• easy way to implement inheritance
  • performance boost
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// No need for capitalization as it's not a constructor
var someCar = {
  drive: function() {};
  name: 'Mazda 3'
};

// Use Object.create to generate a new car
var anotherCar = Object.create(someCar);
anotherCar.name = 'Toyota Camry';

The Facade Pattern

  • simplifies the interface of a class and it also decouples the class from the code that utilizes it
  • provide us with an ability to indirectly interact with subsystems in a way that may be less prone to error than accessing the subsystem directly
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//simplifying an interface for attaching events
var addMyEvent = function(el,ev,fn) {
  if (el.addEventListener) {
   el.addEventListener(ev,fn, false);
  } else if (el.attachEvent) {
   el.attachEvent('on'+ev, fn);
  } else {
   el['on' + ev] = fn;
  }
};

The Factory Pattern

  • deals with the problem of creating objects without need to specify the exact class of object being created
  • suggests defining an interface for creating an object where you allow the subclasses to decide which class to instantiate
  • defines a completely separate method for the creation of objects and which sub-classes are able to override so they can specify ‘type’ of factory product created
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var Car = (function() {
  var Car = function (model, year, miles){
   this.model = model;
   this.year   = year;
   this.miles = miles;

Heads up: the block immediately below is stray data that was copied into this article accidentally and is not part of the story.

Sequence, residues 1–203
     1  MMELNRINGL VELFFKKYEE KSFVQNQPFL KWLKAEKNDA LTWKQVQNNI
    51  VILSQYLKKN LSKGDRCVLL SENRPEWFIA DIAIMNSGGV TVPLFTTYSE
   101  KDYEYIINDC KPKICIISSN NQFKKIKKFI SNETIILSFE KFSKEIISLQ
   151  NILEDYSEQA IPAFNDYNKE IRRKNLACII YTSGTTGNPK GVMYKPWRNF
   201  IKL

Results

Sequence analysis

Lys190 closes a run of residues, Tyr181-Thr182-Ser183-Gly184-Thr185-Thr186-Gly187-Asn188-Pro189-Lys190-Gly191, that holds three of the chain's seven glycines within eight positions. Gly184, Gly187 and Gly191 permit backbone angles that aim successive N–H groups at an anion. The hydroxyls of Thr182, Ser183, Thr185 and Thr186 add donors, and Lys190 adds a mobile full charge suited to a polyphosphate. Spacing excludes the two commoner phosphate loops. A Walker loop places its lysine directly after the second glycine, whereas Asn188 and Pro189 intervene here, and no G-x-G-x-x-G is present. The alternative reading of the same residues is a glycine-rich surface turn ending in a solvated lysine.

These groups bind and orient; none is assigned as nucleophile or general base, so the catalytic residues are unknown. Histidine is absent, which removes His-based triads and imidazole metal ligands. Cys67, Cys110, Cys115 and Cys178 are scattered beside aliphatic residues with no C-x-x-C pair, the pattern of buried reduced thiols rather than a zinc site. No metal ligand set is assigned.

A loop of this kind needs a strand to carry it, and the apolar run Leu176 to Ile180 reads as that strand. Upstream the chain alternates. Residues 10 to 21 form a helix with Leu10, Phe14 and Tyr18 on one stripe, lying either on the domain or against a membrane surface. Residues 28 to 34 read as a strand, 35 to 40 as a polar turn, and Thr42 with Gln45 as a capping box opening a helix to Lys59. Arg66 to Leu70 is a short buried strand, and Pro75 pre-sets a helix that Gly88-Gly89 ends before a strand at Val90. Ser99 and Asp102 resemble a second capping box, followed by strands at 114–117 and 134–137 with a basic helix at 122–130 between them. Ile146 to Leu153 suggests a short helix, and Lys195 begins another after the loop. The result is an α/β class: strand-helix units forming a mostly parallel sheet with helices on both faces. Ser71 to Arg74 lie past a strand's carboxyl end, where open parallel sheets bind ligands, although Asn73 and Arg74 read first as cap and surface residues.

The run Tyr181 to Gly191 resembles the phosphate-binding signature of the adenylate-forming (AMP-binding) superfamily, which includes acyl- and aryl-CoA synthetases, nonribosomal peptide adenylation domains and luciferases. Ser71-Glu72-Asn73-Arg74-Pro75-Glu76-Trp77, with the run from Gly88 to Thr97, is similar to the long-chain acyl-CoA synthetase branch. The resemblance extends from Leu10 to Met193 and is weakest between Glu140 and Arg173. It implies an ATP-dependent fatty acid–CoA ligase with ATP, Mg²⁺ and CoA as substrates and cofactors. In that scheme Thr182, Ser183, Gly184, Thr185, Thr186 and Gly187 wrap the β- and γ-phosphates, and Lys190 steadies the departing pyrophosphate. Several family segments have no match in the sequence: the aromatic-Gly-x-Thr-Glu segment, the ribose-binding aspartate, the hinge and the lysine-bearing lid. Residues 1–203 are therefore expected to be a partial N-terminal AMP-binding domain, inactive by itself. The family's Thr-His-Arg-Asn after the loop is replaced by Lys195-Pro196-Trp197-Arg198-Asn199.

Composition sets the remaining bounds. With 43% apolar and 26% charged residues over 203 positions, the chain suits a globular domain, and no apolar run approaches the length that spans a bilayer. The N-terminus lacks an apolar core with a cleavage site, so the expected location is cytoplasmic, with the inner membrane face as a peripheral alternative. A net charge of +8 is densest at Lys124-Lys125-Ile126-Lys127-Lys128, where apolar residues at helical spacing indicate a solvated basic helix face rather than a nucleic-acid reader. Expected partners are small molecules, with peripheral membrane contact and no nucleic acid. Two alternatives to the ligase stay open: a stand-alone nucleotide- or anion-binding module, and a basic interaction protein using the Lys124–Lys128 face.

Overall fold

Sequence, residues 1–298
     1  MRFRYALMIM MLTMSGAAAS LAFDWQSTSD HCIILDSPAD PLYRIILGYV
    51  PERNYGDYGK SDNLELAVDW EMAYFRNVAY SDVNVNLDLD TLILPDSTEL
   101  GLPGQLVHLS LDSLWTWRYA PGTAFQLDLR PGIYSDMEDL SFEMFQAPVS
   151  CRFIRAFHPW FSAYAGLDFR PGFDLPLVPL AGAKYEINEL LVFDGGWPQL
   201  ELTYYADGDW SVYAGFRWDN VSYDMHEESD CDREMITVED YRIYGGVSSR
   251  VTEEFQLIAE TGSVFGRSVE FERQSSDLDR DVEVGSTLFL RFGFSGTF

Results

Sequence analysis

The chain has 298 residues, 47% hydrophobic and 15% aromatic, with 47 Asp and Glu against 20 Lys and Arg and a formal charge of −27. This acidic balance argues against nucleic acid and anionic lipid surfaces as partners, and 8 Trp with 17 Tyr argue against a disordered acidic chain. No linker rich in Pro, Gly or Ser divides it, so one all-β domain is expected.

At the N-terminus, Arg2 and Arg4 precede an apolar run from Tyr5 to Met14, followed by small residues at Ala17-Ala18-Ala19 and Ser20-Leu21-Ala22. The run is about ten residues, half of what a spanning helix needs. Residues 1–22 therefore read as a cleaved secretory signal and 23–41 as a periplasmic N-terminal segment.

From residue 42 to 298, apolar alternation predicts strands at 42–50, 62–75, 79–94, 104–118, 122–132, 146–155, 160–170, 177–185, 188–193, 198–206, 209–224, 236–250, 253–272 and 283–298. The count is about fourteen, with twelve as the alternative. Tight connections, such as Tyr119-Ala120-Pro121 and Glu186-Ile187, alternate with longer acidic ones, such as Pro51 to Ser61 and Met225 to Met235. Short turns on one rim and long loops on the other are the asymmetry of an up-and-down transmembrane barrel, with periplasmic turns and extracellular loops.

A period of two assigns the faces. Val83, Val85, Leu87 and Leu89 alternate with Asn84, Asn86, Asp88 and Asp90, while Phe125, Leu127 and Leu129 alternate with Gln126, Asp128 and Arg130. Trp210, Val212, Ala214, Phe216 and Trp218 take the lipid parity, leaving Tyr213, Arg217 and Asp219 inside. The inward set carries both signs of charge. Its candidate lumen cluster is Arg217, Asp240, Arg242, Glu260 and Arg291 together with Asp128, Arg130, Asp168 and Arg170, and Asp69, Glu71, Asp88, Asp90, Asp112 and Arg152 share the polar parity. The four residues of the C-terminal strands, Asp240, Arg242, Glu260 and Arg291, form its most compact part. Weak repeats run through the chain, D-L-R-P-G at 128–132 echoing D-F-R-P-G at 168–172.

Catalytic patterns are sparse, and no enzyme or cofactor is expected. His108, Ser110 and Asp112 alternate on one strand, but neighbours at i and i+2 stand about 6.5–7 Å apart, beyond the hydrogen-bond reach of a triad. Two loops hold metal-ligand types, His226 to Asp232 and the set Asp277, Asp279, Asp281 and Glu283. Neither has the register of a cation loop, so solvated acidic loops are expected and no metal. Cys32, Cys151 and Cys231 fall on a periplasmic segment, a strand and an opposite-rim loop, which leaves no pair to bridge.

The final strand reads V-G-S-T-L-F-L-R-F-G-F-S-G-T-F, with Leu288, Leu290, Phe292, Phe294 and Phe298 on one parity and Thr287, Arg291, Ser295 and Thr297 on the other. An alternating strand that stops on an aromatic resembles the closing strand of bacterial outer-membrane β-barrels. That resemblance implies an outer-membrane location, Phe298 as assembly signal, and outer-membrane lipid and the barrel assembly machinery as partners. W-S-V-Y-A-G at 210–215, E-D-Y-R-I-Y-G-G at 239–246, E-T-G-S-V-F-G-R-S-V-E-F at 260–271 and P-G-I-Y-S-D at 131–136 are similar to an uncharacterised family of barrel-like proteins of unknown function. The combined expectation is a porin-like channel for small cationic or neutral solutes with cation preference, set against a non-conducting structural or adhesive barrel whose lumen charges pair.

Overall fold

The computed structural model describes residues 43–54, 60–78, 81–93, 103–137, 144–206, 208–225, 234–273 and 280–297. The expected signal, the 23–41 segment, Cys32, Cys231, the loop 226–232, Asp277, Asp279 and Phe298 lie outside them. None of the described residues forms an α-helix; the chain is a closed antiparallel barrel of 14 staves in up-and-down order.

};
  return function (model, year, miles) {
    return new Car(model, year, miles);
  }
})();

var civic = new Car("Honda Civic", 2009, 20000);
var mondeo = new Car("Ford Mondeo", 2010, 5000);

The Decorator Pattern

  • alternative to creating subclasses
  • can be used to wrap objects within another object of the same interface and allows you to both add behaviour to methods and also pass the method call to the original object (ie the constructor of the decorator)
  • used when you need to keeping adding new functionality to overridden methods
  • subclassing adds behaviour that affects all the instances of the original class, whilst decorating can add new behavior for individual objects
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//The class we're going to decorate
function Macbook(){
  this.cost = function() {
    return 1000;
  };
}

function Memory(macbook) {
  this.cost = function() {
    return macbook.cost() + 75;
  };
}

function BlurayDrive(macbook) {
  this.cost = function() {
    return macbook.cost() + 300;
  };
}

function Insurance(macbook) {
  this.cost = function(){
    return macbook.cost() + 250;
  };
}

// Sample usage
var myMacbook = new Insurance(new BlurayDrive(new Memory(new Macbook())));
console.log( myMacbook.cost() );